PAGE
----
Technology investor Prosus will pay up to US$144-million (R2.1-billion) in transaction fees when it buys a block of parent company Naspers’s shares, according to a document submitted to stock exchanges on 12 July, prompting criticism from investors.
The fees total more than Prosus’s free cashflow for the year ended 31 March, and are almost three times more than Naspers paid in 2019 to list Prosus on the Amsterdam Stock Exchange.
Some €95-million ($112-million) of the fees will be to cover securities transfer tax (STT), according to the document. The rest will be for costs such as fees for bankers, lawyers and accountants.
Prosus was spun out of Naspers in 2019 to hold the South African group’s international assets, including its 29% stake in Chinese tech giant, Tencent. Naspers hoped the move would reduce the discount its shares traded at to the value of its holding in Tencent. However, the discount kept widening.
To try to address this, Prosus said in May it would issue new shares to buy up to 45.4% of Naspers in a share swap deal. The deal will move more of Naspers’s Tencent stake to Amsterdam from Johannesburg and, according to the two firms, help Naspers close the value gap to its Tencent stake because Prosus’s stock is more highly valued than Naspers’s. The deal will also increase Prosus’ free float on Euronext.
‘Less than 1%’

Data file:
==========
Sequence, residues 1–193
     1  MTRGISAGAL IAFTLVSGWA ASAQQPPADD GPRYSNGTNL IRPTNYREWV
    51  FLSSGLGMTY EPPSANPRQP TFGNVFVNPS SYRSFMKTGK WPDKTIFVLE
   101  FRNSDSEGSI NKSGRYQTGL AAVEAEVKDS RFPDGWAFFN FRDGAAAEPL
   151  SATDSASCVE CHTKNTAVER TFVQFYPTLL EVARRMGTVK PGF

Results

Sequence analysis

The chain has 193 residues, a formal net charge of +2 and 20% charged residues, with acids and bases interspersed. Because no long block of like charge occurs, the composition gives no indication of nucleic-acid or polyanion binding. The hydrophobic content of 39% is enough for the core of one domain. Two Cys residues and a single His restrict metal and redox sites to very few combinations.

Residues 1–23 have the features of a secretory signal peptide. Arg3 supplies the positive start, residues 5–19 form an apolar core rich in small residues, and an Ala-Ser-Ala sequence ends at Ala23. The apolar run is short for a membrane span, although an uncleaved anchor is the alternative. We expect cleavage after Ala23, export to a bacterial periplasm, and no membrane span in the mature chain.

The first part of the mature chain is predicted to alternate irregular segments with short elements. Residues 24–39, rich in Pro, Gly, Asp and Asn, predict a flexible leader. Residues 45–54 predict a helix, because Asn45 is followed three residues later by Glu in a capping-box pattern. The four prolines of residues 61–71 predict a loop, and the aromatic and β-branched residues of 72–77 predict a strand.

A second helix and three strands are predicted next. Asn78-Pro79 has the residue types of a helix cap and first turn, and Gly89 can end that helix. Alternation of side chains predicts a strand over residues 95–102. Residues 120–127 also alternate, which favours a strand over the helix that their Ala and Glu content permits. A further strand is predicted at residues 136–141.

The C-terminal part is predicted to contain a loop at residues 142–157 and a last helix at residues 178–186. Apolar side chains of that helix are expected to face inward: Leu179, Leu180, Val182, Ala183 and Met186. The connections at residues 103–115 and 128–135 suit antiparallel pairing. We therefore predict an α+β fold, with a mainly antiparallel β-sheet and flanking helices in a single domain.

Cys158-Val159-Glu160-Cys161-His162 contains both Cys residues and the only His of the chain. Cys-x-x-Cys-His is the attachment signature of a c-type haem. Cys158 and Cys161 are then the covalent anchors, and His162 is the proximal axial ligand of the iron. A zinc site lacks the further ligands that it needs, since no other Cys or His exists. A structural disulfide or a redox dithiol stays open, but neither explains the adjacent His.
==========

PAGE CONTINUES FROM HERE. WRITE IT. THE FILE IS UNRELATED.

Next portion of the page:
“The overall costs are less than 1% of the total value unlock that happens on day one as result of exchanging high-discount Naspers shares to lower-discount Prosus shares,” Prosus said via e-mail.
But some shareholders are unhappy with the costs after they had opposed the deal, saying it would create a complicated cross-holding structure that might actually increase the discount.
“I wouldn’t want to see such huge amounts of money being paid,” said Peter Takaendesa, head of equities at Mergence Investment Managers in South Africa. “It is quite material, especially if we are comparing the two transactions,” he said, referring to the fees paid during the listing of Prosus.
Mergence was among 36 fund managers from South Africa who wrote to Prosus’s management in June opposing the transaction.
In a shareholder vote on 9 July, the transaction won 90% backing, because over two-thirds of Prosus is held by Naspers. But up to 47% of outside shareholders in Prosus voted against it.
When Naspers listed Prosus in 2019, it paid €29-million to financial advisers, compared to the €20-million Prosus will pay them for the share swap, the document shows. Prosus notes the bulk of the fees are due to tax, but some investors said that was no excuse.
“When you’re doing a bad transaction, and a transaction that many shareholders have expressed a concern on, then any amount you pay is too much,” said Rajay Ambekar, CEO at Excelsia Capital, a Cape Town-based asset manager with shares in Naspers. “It is a real cost that shareholders are having to bear.” — Reported by Promit Mukherjee, (c) 2021 Reuters